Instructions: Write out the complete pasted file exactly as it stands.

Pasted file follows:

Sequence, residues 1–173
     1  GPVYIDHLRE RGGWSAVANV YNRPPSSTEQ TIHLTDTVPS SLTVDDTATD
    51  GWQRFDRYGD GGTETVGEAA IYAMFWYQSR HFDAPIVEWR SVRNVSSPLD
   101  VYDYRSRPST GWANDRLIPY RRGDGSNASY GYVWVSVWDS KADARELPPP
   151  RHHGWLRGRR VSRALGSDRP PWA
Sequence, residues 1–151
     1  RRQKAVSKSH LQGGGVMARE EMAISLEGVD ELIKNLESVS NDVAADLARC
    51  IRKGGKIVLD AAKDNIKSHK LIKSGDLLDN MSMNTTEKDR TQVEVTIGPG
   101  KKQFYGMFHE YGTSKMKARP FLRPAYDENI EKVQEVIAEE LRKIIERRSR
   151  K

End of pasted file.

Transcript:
Sequence, residues 1–173
     1  GPVYIDHLRE RGGWSAVANV YNRPPSSTEQ TIHLTDTVPS SLTVDDTATD
    51  GWQRFDRYGD GGTETVGEAA IYAMFWYQSR HFDAPIVEWR SVRNVSSPLD
   101  VYDYRSRPST GWANDRLIPY RRGDGSNASY GYVWVSVWDS KADARELPPP
   151  RHHGWLRGRR VSRALGSDRP PWA
Sequence, residues 1–151
     1  RRQKAVSKSH LQGGGVMARE EMAISLEGVD ELIKNLESVS NDVAADLARC
    51  IRKGGKIVLD AAKDNIKSHK LIKSGDLLDN MSMNTTEKDR TQVEVTIGPG
   101  KKQFYGMFHE YGTSKMKARP FLRPAYDENI EKVQEVIAEE LRKIIERRSR
   151  K